The History of Highland Dancing

by Ben Johnson

Perhaps nothing captures the spirit of Scottish culture better than the sight of Highland dancing being performed at some Highland gathering in some far flung corner of the world. This sophisticated form of national dancing has been spread by Scottish migrants across the world and competitions are now regularly organised in Australia, Canada, South Africa, New Zealand and the United States. Whilst the majority of dancers now entered into these competitions are female, the roots of these ritualistic dances lay with warriors imitating epic deeds from Scottish folklore.

According to tradition, the old kings and clan chiefs used the Highland Games as a means to select their best men at arms, and the discipline required to perform the Highland dances allowed men to demonstrate their strength, stamina and agility.

Although likely to date back to a much earlier period, the first documented evidence of intricate war-dances being performed to “the wailing music of bagpipes” was at the second marriage of Alexander III to his French bride Yolande de Dreux at Jedburgh in 1285.

It is also said that Scottish mercenaries performed a sword dance before the Swedish King John III at a banquet held at Stockholm Castle in 1573. The dance was apparently part of a plot to assassinate the king, the weapons necessary to complete the dastardly deed ‘just happened’ to be a natural prop for the festivities. Luckily for the king the signal was never given to implement the plan.

A reception given in honour of Anne of Denmark at Edinburgh in 1589 included a “Sword dance and Hieland Danses”, and in 1617 a sword dance was performed before James VI. Still later in 1633, the Incorporation of Skinners and Glovers of Perth performed their version of the sword dance for Charles I whilst floating on a raft in the middle of the River Tay.

It was after the Battle of Culloden in 1746 that the government in London attempted to purge the Highlands of all unlawful elements by seeking to crush the rebellious clan system. An Act of Parliament was passed which made the carrying of weapons and the wearing of kilts a penal offence. The Act was rigorously enforced. So much so it seems that by the time the Act was repealed in 1785, Highlanders had lost all enthusiasm for their tartan garb and lacked the main prop required to perform their sword dances.

The revival of Highland culture was greatly boosted when Queen Victoria discovered the road north and recognised first-hand, the magnificence of Scotland for herself. This revival saw the beginnings of the modern Highland games, with of course, Highland dancing forming an integral part.

Primarily to make judging easier however, the selection of dances being performed were gradually narrowed down over the years and decades that followed. The result of this was that many traditional dances simply got lost, as they were no longer required for competition purposes. In addition, over the years Highland dancing has moved from being an exclusively male pursuit, to one that today includes more than 95% of female dancers.

As far as competitive Highland dancing is concerned, until 1986 only four standard dances remained – The Sword Dance (Gille Chaluim), The Seann Triubhas, The Highland Fling and The Reel of Tulloch. Like many other dance traditions Highland dancing has changed and evolved over the years, integrating elements that may have their roots set in centuries old tradition with elements that are much more modern.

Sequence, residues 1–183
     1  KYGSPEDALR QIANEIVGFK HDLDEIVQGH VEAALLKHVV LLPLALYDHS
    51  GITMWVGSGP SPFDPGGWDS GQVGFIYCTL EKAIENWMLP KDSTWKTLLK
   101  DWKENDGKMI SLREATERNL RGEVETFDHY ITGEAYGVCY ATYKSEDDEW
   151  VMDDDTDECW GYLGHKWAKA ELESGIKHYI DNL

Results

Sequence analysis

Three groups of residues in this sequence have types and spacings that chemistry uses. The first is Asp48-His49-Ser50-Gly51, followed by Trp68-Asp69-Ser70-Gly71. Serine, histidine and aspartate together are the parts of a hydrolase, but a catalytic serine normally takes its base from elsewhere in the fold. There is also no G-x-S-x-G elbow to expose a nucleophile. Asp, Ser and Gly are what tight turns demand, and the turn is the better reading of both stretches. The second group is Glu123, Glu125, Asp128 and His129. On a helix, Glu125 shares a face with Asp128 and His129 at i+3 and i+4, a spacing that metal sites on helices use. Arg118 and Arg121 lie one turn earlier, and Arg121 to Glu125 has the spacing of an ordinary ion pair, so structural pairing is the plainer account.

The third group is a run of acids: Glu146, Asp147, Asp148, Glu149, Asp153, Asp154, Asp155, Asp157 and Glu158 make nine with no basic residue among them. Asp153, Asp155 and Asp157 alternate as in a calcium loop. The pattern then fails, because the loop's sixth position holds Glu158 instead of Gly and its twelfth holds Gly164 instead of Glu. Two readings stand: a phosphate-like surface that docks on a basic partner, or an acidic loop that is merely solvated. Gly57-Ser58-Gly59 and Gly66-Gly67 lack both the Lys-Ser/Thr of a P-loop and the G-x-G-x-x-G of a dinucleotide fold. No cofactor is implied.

Some of the legends associated with today’s modern dances include;

The Sword Dance (Gille Chaluim – Gaelic for “the servant of Calum”)One story said to originate from the times of Shakespeare’s Macbeth, recalls that when King Malcolm III (Canmore) of Scotland killed a fellow chieftain in battle, he celebrated by dancing over his own bloody claymore crossed with the sword of his enemy. Yet another story tells that a soldier would dance around and over crossed swords prior to battle; should his feet touch the blade during the dance however, then this was considered an ill omen for the following day. Another and more practical explanation is that the dance was simply an exercise used to develop and hone the nibble footwork required to stay alive in sword play.

The Seann Triubhas – Gaelic for “old trousers” – Pronounced “shawn trewus”, the dance is romantically associated with the highlander’s disgust at having the wear the hated Sassenach trousers that they were forced to wear when the kilt was banned following the 1745 rebellion. The initial slow dance steps involve lots of leg shaking; symbolising attempts to shed the hated garments; the final faster steps demonstrating the joy of returning to the kilt when the ban ended in 1782.

The Highland Fling – One legend associates it as a warriors dance of triumph following a battle. It was supposedly danced over a small round shield, with a spike projecting from the centre, known as a Targe. Yet another legend links the dance to a young boy imitating the antics of a stag rearing and wheeling on a hillside; the curved arms and hands representing the stag’s antlers.

The Reel of Tulloch (Ruidhle Thulaichean) – It was supposedly on one cold morning in the village of Tulloch in north-east Scotland, that many years ago the congregation were waiting for the minister to let them into the church. To keep warm the people began to stamp their feet and clap their hands, and when someone started to whistle a highland tune the whole developed into a lively dance. A set perhaps, later stolen by the cast of Fame! A more gruesome story however, links the dance to a game of football said to have been played by the men of Tulloch with the severed head of an enemy.

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